An historic chair once used by Saint Pope John Paul II will play a central role when Our Lady of Guadalupe Church is established as a co-cathedral for the Anchorage Archdiocese on Dec. 12.
Now considered a relic of the recently canonized pope, the high backed carved walnut chair, circa 1900, has resided in Archbishop Emeritus Francis Hurley’s private chapel in Anchorage since the pope’s landmark visit at Delaney Park Strip on Feb. 26, 1981.
“The chair was brought out by the Dominican priest, Father Larry Farrell, before the papal visit,” Archbishop Emeritus Hurley recalled. “I’ve had it for all the years since in my chapel for daily use, and I’ve always said it should go to a church for a special use someday.”
Since the pope presided from the chair (or cathedra) in 1981 it has never been used in a public Mass.
Some details about the chair’s history, however, will likely remain a mystery. Father Farrell passed away in 2012 and no one seems to know the chair’s history prior to the papal visit, Archbishop Hurley said.
Father Donald Bramble, a Dominican priest who took part in the 1981 papal visit, thinks it may have come from Saint Benedict Church. “I could be wrong — it’s been awhile,” he said.
Michael Bagenski, an architectural designer who helped plan the papal visit, described the chair as a sturdily-carved turn-of-the century relic. “It wasn’t a throne. It was ordinary but sturdy dark wood,” he said.
Joanne Hodel recalled her task on the papal visit committee was to locate new velvet to upholster the chair’s back and seat. But finding cloth worthy of a pope wasn’t easy.
“I went all over town looking for the right velvet fabric covering. We had so little time — most cities, when they know the pope is paying a visit, have a year or longer,” Hodel said. “We got our committees together and made it happen with only 42-46 days to build the stage and get electronics and everything ready.”
Ultimately Hodel wound up at Kimball’s Fabric Store — owned by Decema Kimball Andresen at the time.
“I remember coming into the little old store and I said ‘oh Decema, this is what I need,’” Hodel said. “And she said, ‘I think I have exactly what you need.’”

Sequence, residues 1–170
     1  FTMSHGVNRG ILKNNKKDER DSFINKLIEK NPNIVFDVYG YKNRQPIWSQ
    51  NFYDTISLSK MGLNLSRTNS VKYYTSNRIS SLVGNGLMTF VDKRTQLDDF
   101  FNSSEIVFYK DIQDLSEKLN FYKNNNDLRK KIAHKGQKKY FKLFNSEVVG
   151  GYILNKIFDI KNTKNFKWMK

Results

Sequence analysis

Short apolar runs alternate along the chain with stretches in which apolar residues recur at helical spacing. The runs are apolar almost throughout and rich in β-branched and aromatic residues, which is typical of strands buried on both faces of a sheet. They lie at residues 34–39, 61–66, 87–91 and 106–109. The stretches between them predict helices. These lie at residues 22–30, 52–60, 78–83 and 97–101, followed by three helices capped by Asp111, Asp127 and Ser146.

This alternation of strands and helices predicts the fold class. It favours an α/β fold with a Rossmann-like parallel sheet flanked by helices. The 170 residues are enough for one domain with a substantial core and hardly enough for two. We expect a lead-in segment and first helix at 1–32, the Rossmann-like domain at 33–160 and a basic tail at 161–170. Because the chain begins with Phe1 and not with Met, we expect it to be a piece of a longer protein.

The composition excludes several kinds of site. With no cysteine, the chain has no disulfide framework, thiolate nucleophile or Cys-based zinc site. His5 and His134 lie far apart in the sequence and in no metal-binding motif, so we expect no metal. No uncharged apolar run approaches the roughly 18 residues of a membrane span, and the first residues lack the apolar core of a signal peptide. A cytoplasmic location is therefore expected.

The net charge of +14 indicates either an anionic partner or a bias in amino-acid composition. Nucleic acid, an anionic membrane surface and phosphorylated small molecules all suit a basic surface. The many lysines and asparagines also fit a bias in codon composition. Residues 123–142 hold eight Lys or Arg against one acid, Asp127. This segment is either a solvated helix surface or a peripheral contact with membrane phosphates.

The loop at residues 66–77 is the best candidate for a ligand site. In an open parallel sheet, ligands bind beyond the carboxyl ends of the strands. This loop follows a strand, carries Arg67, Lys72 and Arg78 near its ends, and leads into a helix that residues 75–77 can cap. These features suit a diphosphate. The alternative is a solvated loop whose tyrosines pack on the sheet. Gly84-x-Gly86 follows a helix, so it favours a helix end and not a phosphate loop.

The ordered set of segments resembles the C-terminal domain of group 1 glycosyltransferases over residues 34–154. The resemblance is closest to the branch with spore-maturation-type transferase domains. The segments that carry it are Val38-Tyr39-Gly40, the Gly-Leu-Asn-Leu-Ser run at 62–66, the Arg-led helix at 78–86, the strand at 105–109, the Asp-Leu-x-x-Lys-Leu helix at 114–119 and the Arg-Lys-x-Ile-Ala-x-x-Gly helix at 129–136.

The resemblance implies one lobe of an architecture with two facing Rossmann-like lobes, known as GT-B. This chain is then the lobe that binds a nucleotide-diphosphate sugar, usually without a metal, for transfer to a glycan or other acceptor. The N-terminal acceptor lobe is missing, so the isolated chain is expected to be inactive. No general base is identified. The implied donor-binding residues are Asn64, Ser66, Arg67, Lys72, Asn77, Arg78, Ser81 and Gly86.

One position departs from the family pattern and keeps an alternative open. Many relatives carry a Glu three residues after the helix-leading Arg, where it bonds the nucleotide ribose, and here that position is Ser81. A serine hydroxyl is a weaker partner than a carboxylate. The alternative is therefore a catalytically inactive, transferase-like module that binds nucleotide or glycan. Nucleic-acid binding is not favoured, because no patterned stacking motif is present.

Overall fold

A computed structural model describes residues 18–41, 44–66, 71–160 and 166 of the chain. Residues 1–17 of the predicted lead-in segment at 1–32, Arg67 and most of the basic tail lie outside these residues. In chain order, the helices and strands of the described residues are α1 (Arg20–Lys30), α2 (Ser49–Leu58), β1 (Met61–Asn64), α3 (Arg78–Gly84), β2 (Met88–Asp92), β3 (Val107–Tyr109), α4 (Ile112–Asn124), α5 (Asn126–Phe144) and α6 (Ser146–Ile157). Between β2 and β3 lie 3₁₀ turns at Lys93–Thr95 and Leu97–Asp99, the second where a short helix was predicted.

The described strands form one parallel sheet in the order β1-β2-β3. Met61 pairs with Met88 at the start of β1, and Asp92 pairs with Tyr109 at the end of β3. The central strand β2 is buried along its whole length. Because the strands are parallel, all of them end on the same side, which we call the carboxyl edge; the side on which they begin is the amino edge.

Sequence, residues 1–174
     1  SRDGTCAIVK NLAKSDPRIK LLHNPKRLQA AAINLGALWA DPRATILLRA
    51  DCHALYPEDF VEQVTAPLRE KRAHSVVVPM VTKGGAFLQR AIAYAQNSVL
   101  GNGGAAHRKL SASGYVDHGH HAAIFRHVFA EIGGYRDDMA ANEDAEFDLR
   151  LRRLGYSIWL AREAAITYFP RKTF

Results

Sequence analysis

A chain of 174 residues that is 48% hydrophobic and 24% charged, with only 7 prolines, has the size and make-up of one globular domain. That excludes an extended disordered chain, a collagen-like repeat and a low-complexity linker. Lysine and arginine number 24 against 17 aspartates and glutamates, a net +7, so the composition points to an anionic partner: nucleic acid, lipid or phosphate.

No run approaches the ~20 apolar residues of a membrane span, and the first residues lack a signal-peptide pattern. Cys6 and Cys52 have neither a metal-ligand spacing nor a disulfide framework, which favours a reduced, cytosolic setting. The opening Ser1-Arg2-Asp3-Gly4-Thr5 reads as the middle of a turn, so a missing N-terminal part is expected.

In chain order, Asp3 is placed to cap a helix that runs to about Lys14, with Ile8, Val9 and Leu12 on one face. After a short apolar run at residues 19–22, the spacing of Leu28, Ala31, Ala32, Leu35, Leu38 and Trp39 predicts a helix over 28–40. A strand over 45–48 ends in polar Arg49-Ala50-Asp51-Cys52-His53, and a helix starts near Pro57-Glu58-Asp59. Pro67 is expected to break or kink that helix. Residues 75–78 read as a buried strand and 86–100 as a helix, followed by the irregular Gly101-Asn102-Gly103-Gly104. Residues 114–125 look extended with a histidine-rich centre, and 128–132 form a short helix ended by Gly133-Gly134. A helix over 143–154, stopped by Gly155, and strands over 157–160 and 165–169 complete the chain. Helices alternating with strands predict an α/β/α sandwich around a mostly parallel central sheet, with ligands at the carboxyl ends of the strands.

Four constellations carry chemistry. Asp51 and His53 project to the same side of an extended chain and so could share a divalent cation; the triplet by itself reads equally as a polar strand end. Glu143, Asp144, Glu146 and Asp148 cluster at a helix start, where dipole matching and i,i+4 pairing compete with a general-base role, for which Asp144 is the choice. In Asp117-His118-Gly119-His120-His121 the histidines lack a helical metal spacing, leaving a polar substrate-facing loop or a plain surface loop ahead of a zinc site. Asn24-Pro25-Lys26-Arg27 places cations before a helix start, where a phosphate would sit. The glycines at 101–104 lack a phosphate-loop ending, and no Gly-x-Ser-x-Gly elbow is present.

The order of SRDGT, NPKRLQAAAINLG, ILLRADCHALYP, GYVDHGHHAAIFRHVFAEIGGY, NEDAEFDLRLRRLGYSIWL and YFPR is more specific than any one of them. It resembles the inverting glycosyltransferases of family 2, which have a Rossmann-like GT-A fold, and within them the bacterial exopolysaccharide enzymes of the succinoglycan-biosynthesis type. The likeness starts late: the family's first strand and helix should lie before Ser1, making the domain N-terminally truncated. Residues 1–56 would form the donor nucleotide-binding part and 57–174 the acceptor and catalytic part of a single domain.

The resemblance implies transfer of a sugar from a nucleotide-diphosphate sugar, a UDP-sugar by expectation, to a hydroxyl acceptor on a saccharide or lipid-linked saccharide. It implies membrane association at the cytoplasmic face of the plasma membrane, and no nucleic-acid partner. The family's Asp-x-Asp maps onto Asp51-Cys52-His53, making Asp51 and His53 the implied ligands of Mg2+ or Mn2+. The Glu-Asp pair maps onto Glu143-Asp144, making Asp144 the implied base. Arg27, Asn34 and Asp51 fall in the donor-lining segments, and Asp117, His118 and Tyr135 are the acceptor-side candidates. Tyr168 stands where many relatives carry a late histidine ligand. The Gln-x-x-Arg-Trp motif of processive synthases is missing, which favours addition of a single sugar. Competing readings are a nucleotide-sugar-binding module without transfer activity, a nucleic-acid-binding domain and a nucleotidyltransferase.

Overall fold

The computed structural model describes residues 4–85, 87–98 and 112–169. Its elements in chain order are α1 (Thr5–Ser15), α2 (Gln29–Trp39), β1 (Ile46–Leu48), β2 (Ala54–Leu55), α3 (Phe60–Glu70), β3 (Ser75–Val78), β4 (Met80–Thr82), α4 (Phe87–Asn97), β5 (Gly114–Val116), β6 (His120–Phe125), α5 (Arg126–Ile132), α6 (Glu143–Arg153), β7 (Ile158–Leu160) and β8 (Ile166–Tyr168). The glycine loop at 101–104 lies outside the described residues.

The chair was then re-covered in the special red velvet cloth.
When Pope John Paul II arrived, he sat in the chair during the course of the Mass.
That visit on a frosty Feb. 26, 1981 remains the largest single gathering in Alaska, drawing some 65,000 to 80,000 people to Anchorage’s park strip.
Behind the scenes planning for the upcoming Dec. 12 Mass dedicating Our Lady of Guadalupe Catholic Church to co-cathedral status interweaves these historic pieces into a new chapter of the history of the Anchorage Archdiocese.
Holy Family, approaching its 100th birthday in 2015, will remain the primary Anchorage cathedral, but in an effort to better serve the needs of a growing Catholic population, Anchorage Archbishop Roger Schwietz decided to establish Our Lady of Guadalupe Church as the co-cathedral.
The official dedication occurs at Our Lady of Guadalupe during the 5:30 p.m. Mass on Dec. 12, the Feast of Our Lady of Guadalupe. Holy Family Cathedral will continue as the “historic cathedral” and should always be considered to be the “primary church of the archdiocese,” Archbishop Schwietz told the Catholic Anchor.
According to Catholic tradition, a cathedral is the bishop or archbishop’s church. Every Catholic church has a presider’s chair for the celebrating priest but in a cathedral there is also a “cathedra” on which only the bishop sits when celebrating liturgies.
Installing the chair once used by Pope John Paul II carries the symbolism of “our continuity and connection to the Holy Father in Rome who is the primary pastor and shepherd of our souls,” Archbishop Schwietz explained. “That sense of the universal nature of the church is important for us to celebrate because it is what makes us so unique as Catholics and what we’re so determined to continue as people who are faithful to the establishment of the church as Jesus established it.”
Father Steven Moore, a priest organizing the upcoming Mass, is working on the details for installing the cathedra and another important liturgical item, a metropolitan cross. It is a processional cross used by the archbishop.
“This one is being made in Italy of carved wood, Linden wood, which comes from Germany,” Father Moore said. “The cross is liturgically significant because it’s only used for processions when an archbishop or bishop is presiding.”
In attendance at the Dec. 12 Mass will be the Vatican’s apostolic nuncio (or ambassador to the United States) Archbishop Carlo Maria Viganò. During the Mass a decree officially elevating the church to co-cathedral status will be read from the Congregation of Bishops in Rome.
It makes sense to create a co-cathedral, Archbishop Schwietz said. Holy Family Cathedral has been crowded several years due to summer visitors along with regular parishioners and those who want to attend cathedral services.
Father Vincent Blanco, priest of Our Lady of Guadalupe Church, said his congregation is honored to help serve as a co-cathedral.
“It’s an honor and a challenge at the same time,” he said, noting that the new status as co-cathedral offers parishioners a new way of experiencing their church.
Following the Dec. 12 Mass, attendees are invited to attend and bring a dish for a celebration potluck. The event will include dances and songs that highlight the Hispanic and Filipino cultures within the parish.